To further elucidate the transition, the cyclic voltammogram of an intermediate stage was measured by exposing a sample of 1 to a UV lamp (20 W) for 30 min in 0.1 M [(n-C4H9)4N]PF6/CH3CN (Fig. 3c). The voltammogram at 400 mV s−1 reveals a more convoluted series of processes when scanning anodically. Owing to the large capacitance, a further square wave voltammetry (SWV) study was undertaken which revealed three oxidative and two reductive processes in the reverse scan (Supplementary Fig. 16). Based on the cyclic voltammogram of Py2TTF and the position of these faradaic processes, the first and third oxidative processes at 0.26 and 0.52 V (vs. Fc/Fc+), respectively, can be attributed to Py2TTF. This likely arises from a small proportion of the uncyclised cofacial form still present in the framework, as the removal of conjugation from the TTF core in 3 reduces the ability for electron delocalisation, which stabilises the oxidation states accessible to Py2TTF. The assignment of the irreversible oxidation at 0.83 V (vs. Fc/Fc+) cannot definitively be identified, but the process is consistent with the reported electrochemical behaviour of a one-sided [2 + 2] photocyclised TTF based molecule31. This intermediate state, however, does demonstrate that the degree of cyclisation of the material can be used to control the material’s electrochemical properties.

Spectroelectrochemistry (SEC) is a powerful method applied to study the optical properties of materials whilst modulating the redox states in situ45,46 and has been utilised in framework chemistry to identify both fundamental phenomena such as the generation of partial charge states and mixed valency, in addition to its more practical application in devices such as electrochromic windows and solar cell panels47,48. A solid state Vis-NIR SEC study of 1 revealed three major processes upon oxidation (Fig. 3e). The first at 0.3–0.6 V (vs. Ag/Ag+) involves the formation of Py2TTF˙+ radical as indicated by the increase of the associated band at 18400 cm−1 in addition to the two other bands in the Vis/UV region. At +0.7 V, a more complex process is observed with the key feature being the formation of a low energy NIR band which is assigned to a through-space Intervalence Charge Transfer (IVCT) transition between the cofacial Py2TTF moieties in 1 that possess partially oxidised mixed-valence TTF0/TTF˙+ cores, akin to the similar processes characterised in closely related frameworks containing cofacially aligned electroactive ligands29,30. A final process occurs between 0.8 and 0.9 V corresponding to Py2TTF2+ formation. Additionally, the previously red crystals of 1 had obtained a darker brown colour (Fig. 3e, insets). Partial regeneration of the starting spectrum was observed when a cathodic potential of −0.5 V (vs. Ag/Ag+) was applied, indicating that the rate of reduction may be significantly slower than that of the oxidation process.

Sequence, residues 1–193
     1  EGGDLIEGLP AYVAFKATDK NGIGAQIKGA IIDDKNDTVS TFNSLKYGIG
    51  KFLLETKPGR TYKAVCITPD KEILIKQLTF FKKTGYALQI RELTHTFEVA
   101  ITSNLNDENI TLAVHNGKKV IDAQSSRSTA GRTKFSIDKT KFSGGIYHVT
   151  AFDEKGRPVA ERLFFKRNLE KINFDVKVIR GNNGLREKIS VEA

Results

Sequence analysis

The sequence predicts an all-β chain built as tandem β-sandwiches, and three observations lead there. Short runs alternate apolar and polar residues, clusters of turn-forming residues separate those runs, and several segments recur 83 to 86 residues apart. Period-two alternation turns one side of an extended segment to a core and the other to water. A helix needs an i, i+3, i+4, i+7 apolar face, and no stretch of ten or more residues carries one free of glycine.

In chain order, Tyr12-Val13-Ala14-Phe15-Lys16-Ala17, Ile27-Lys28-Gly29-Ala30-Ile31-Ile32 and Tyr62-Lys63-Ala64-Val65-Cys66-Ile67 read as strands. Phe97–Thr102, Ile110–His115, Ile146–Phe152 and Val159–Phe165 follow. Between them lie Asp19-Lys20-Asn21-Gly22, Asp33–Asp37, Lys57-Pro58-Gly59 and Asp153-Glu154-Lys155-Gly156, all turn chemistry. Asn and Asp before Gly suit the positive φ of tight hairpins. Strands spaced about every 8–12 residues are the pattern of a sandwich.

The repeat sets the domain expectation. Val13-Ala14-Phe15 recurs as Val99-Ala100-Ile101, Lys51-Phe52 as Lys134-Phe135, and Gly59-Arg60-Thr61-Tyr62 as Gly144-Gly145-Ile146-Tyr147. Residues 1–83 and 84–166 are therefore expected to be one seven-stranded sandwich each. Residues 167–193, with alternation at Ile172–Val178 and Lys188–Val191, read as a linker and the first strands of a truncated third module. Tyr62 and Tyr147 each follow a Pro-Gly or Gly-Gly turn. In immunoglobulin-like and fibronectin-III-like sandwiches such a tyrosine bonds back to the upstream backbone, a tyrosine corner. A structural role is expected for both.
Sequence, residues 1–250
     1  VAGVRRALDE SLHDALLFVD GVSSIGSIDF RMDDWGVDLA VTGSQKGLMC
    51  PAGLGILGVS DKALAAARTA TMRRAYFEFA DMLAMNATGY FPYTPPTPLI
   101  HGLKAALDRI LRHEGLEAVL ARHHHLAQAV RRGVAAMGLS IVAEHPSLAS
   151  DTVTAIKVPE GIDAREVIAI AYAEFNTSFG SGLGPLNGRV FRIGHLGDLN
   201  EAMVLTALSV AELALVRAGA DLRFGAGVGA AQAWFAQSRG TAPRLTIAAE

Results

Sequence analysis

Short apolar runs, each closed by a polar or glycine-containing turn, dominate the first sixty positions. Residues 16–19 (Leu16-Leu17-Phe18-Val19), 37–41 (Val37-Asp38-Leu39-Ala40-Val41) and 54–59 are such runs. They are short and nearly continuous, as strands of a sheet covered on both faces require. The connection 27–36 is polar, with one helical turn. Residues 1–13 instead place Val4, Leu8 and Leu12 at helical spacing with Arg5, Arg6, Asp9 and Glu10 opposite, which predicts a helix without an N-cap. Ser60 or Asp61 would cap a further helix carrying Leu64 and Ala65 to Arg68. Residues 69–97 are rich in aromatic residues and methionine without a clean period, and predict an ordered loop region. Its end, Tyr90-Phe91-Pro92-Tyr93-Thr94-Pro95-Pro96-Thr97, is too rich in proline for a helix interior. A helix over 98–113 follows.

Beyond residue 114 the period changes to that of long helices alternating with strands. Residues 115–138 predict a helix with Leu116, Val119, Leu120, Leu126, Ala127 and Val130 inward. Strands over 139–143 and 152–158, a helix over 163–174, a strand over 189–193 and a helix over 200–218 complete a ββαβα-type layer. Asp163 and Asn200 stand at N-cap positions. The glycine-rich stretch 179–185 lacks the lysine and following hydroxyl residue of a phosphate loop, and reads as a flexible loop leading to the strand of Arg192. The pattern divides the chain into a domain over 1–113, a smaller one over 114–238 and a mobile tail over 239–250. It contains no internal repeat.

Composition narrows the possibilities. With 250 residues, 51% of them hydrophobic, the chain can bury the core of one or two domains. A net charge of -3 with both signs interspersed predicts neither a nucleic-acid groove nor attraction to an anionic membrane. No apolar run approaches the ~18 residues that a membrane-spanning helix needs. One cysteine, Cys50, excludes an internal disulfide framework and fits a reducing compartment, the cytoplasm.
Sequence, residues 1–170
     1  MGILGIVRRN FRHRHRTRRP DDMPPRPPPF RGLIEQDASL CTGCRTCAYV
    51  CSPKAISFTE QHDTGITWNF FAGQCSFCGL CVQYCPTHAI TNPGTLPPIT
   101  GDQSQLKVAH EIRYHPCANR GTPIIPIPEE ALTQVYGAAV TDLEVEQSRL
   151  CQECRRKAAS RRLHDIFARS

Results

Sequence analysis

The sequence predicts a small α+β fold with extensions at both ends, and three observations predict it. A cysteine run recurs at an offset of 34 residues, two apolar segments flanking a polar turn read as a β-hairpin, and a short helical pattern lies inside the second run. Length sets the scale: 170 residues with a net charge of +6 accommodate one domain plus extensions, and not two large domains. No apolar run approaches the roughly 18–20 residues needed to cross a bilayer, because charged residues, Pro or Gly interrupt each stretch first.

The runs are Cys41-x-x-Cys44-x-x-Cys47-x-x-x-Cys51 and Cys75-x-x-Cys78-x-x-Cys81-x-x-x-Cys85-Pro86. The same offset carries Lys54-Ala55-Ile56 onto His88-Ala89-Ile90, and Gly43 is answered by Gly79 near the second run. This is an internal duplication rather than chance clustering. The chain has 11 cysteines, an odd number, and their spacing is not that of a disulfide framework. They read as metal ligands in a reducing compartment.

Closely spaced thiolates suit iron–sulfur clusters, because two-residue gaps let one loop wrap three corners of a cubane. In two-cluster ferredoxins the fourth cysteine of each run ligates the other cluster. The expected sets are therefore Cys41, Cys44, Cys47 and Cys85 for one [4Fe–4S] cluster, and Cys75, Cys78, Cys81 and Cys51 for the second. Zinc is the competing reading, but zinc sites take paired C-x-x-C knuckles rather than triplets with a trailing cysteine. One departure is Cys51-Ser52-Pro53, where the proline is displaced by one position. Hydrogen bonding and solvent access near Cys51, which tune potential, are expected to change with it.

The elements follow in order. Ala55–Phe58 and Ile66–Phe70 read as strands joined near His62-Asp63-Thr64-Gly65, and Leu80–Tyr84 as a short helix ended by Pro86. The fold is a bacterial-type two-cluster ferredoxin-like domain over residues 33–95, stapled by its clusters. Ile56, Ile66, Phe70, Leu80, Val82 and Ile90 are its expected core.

In the related structure of 4 which precludes the cofacial arrangement of Py2TTF ligands found in 1 and adopts a significantly larger intermolecular distance between the ligands, both the electrochemical and Vis-NIR data lend support to our interpretation (Supplementary Figs. 17 and 18). The Py2TTF ligands in 4 behave as isolated, non-interacting units with no evidence for the IVCT interaction found in 1.

The Vis-NIR SEC of 3 in 0.1 M [(n-C4H9)4N]PF6/CH3CN revealed significantly distinct properties to those observed for 1. Only one process occurred upon applying an anodic potential between +0.3 and 0.7 V (vs. Ag/Ag+) (Fig. 3f). During this process a new broad band arises between ca. 13,000–16,000 cm−1, whilst the ICT transition present in the neutral state increases in intensity at 24,000 cm−1. The process was characterised by a colour change from orange to brown (Fig. 3f, inset). A slight intensification of the band at 22,100 cm−1 is also observable and is tentatively assigned to a metal-to-ligand charge transfer (MLCT) transition. Together, these analyses provide no definitive profile of the redox behaviour exhibited by 3.

Photo-active mechanical behaviour

To understand the mechanical property variations between 1 and 3 that accompany the optical and electrochemical property changes, we examined photo-induced strain behaviour by using AFM for in situ characterisation under light illumination. A crystal of 1 was first immersed in DMF under a dark environment. The surface of the sample 1 was step-shaped with large flat crystal terraces caused by different cleavage planes with the same crystallographic orientation (Fig. 4a insert). Figure 4a shows the typical sample morphology scanned over a 2  μm × 2 μm area, where the two flat regions (labelled by “A” and “B”) neighbour one another, and exhibit a height difference i.e., ∆h of ~78 nm. The time required for the phase transition depends on the intensity of the light. As it takes around 15 minutes to complete the phase transition from 1 to 3 under a normal microscope lamp, the same area was repeatedly measured with a designed scan rate of 2 Hz (i.e. ~2 min per image) under illumination using the AFM. The time-resolved line profiles are plotted in Fig. 4b with the height of region B set as a zero point for comparison. The height difference between the regions A and B linearly decreases when the sample is initially exposed to light and then remains unchanged after ~30 min, suggesting the accomplishment of a photo-inducing SC−SC phase transition from 1 to 3 under the given experimental conditions (see the inset in Fig. 4b).